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James C Wood

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February 23, 1997 | SARA FRITZ, TIMES STAFF WRITER
President Clinton's former envoy to Taiwan, James C. Wood, on Saturday denied allegations that he solicited campaign contributions from Taiwanese citizens, asserting that he has been falsely accused because he exposed wrongdoing by his predecessor. Wood, who resigned on Jan. 17, acknowledged in a 20-page statement that he is under investigation by the Justice Department for actions taken during the two years he served as managing director of the American Institute in Taiwan.
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NEWS
February 23, 1997 | SARA FRITZ, TIMES STAFF WRITER
President Clinton's former envoy to Taiwan, James C. Wood, on Saturday denied allegations that he solicited campaign contributions from Taiwanese citizens, asserting that he has been falsely accused because he exposed wrongdoing by his predecessor. Wood, who resigned on Jan. 17, acknowledged in a 20-page statement that he is under investigation by the Justice Department for actions taken during the two years he served as managing director of the American Institute in Taiwan.
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NEWS
February 10, 1997 | SARA FRITZ and PETER Y. HONG, TIMES STAFF WRITERS
A U.S. government investigation of a former American envoy to Taiwan, which began with charges that he had improperly solicited foreign contributions to President Clinton's reelection campaign, has expanded to new allegations that he used his diplomatic position for private business pursuits, U.S. officials said. The envoy, former Washington lobbyist James C.
NEWS
February 10, 1997 | SARA FRITZ and PETER Y. HONG, TIMES STAFF WRITERS
A U.S. government investigation of a former American envoy to Taiwan, which began with charges that he had improperly solicited foreign contributions to President Clinton's reelection campaign, has expanded to new allegations that he used his diplomatic position for private business pursuits, U.S. officials said. The envoy, former Washington lobbyist James C.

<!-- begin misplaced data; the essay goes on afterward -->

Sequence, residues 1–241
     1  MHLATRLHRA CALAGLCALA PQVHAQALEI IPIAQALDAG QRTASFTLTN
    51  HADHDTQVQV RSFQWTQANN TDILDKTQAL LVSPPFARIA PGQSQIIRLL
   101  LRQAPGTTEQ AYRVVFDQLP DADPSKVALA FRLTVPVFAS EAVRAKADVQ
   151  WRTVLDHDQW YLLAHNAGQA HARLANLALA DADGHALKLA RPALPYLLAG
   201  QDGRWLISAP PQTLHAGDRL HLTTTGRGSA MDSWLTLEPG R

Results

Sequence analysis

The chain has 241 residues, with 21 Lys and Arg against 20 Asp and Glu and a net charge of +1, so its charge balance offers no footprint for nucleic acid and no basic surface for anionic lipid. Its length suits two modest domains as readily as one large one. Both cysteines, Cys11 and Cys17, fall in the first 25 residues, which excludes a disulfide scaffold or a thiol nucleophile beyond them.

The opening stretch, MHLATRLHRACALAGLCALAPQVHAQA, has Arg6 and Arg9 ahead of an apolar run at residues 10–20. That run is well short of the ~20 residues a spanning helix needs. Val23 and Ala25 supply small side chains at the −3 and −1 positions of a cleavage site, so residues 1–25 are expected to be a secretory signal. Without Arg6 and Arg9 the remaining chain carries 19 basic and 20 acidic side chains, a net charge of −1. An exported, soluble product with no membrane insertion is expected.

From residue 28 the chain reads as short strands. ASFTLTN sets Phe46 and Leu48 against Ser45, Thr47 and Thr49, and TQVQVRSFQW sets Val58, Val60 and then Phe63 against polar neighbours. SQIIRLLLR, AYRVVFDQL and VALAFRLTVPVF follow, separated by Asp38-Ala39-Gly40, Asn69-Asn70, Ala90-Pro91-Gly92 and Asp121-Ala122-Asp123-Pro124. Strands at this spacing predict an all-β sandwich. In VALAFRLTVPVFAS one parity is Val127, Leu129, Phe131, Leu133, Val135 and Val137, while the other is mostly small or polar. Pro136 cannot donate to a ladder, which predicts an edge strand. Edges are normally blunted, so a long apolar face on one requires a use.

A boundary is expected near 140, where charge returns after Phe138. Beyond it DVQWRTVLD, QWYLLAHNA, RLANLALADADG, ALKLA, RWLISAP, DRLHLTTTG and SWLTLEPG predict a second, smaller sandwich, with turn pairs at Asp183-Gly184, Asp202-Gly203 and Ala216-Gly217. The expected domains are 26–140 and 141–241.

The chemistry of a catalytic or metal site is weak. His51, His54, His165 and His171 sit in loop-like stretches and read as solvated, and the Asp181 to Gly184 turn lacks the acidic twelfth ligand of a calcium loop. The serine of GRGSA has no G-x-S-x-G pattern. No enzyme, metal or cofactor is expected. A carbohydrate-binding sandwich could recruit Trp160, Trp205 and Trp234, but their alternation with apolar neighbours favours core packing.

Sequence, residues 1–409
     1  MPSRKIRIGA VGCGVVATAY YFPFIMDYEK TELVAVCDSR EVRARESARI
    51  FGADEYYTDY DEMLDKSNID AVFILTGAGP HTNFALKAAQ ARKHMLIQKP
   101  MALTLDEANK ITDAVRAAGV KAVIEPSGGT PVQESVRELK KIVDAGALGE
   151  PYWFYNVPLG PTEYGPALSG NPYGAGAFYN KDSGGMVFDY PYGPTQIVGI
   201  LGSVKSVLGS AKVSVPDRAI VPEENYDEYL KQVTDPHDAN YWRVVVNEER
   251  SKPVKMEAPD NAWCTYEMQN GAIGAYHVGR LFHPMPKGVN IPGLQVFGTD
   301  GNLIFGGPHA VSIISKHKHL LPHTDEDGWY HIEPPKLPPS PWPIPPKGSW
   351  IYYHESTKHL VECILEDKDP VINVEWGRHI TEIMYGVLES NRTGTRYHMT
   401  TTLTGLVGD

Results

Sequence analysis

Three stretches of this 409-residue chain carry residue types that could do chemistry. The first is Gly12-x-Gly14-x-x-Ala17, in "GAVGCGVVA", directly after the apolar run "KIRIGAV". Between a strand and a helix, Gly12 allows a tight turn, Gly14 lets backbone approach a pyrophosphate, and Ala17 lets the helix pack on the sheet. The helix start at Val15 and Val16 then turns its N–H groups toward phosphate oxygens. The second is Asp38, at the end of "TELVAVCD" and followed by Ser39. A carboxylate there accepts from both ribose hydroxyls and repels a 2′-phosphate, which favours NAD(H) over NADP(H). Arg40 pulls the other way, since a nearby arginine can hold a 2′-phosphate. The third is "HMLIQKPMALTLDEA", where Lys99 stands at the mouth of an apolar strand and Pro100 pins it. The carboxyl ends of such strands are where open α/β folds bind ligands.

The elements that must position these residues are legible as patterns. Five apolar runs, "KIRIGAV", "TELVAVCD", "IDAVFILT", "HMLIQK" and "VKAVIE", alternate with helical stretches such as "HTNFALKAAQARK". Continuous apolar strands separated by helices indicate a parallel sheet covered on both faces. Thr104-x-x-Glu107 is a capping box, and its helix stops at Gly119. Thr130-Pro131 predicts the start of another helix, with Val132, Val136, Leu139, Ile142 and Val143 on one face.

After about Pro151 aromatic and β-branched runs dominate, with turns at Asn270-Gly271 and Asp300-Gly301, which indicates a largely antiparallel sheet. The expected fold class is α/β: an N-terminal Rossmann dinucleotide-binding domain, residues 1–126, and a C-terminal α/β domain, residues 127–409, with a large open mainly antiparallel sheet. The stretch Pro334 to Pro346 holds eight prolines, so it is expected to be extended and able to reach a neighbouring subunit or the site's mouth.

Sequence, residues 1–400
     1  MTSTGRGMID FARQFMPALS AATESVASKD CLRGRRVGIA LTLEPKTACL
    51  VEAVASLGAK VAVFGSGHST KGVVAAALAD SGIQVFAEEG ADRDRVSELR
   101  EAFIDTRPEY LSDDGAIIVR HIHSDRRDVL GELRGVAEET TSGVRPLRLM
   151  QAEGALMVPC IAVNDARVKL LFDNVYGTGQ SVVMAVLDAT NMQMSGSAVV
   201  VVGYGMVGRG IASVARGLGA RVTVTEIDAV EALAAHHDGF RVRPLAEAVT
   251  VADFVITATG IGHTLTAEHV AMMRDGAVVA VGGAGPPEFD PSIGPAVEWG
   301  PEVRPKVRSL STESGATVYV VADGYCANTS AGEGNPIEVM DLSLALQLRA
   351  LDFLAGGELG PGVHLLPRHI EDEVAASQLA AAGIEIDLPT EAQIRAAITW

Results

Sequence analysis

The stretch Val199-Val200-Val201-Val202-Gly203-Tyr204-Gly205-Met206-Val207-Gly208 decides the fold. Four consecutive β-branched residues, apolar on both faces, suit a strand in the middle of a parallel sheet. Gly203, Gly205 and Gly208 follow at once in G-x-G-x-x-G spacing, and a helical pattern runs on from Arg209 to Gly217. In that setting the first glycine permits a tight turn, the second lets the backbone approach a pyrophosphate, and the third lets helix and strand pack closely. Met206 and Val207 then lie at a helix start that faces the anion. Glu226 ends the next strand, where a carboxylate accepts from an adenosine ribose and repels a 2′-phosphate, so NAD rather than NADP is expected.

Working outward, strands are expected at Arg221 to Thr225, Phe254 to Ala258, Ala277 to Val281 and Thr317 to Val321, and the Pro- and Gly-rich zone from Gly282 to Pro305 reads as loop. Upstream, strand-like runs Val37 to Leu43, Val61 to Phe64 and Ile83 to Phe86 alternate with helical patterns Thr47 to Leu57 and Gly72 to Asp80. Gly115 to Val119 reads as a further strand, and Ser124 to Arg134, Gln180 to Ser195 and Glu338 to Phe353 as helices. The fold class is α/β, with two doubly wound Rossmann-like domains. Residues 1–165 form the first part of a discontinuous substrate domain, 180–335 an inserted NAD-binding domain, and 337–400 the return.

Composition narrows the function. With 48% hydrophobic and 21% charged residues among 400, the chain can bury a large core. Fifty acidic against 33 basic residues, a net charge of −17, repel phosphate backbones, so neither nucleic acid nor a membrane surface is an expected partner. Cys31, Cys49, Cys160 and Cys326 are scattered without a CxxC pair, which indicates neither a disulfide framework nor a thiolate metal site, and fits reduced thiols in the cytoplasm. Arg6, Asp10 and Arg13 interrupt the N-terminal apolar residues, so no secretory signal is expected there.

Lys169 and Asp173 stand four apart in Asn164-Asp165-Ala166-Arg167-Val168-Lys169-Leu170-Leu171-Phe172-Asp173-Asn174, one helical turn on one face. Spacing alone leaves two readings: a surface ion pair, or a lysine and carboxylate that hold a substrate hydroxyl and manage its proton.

NEWS
February 14, 1997 | MARC LACEY, TIMES STAFF WRITER
As a Senate panel approved a ream of subpoenas in the growing campaign fund-raising scandal, President Clinton said Thursday he considered a report that the Chinese government may have sought to direct foreign contributions to the Democratic Party "a very serious matter."
NEWS
November 1, 1996 | SARA FRITZ and RICHARD A. SERRANO, TIMES STAFF WRITERS
A former White House aide Thursday strongly denied reports that he had solicited $15 million from Taiwan's ruling party for President Clinton's reelection campaign. Mark E. Middleton issued a statement denouncing as false the allegations made by a Taipei public relations consultant who claims to have been present when Middleton arranged to receive $15 million for Clinton from Liu Tai-Ying, chief financial officer of the Kuomintang Party. Liu also has denied the charge. Also on Thursday, Atty.
NEWS
January 22, 1997 | ALAN C. MILLER, TIMES STAFF WRITER
The Clinton administration's appointee who has been heading the organization representing the U.S. government in Taiwan has resigned amid a Justice Department inquiry into allegations that he pressured Taiwan businessmen to contribute to President Clinton's reelection campaign. The State Department confirmed Tuesday that James C. Wood Jr., an Arkansas man who was named chairman of the American Institute in Taiwan in December 1995, stepped down on Jan. 17.
NEWS
February 18, 1998 | JIM MANN
The Republicans' report on President Clinton's "China connection" has been completed. It is a remarkably incomplete and distorted document, one that makes the most of any possible links to China while failing to pursue similar questions about Taiwan. For more than a year now, the Senate Governmental Affairs Committee has been examining the fund-raising for Clinton's 1996 reelection campaign.
NEWS
February 20, 1997 | GLENN F. BUNTING and ROBERT L. JACKSON, TIMES STAFF WRITERS
Subpoenas served Wednesday show that the Senate investigation of Democratic Party fund-raising will be an extraordinarily wide-ranging probe that seeks information involving hundreds of individuals and corporations in the United States and Asia.
NEWS
October 29, 1996 | SARA FRITZ, TIMES STAFF WRITER
The Justice Department is investigating charges that James C. Wood, an Arkansan appointed by President Clinton to head the organization representing the U.S. government to Taiwan, has been soliciting political contributions for Clinton from Taiwanese businesses, sources said Monday. Wood's fund-raising efforts apparently coincided with the work of controversial Democratic Party fund-raiser John Huang, who went to Taiwan in May seeking contributions for Clinton's reelection campaign.
NEWS
February 17, 1997 | ALAN C. MILLER and DAVID WILLMAN, TIMES STAFF WRITERS
The bits and pieces accumulate like the field notes and evidence bags from an unsolved mystery: A cab receipt for a trip from the Chinese Embassy. Footprints left by a far-flung Asian business family that run--among other places--to President Clinton and to an overseas trading company used as a cover for Chinese intelligence operatives.
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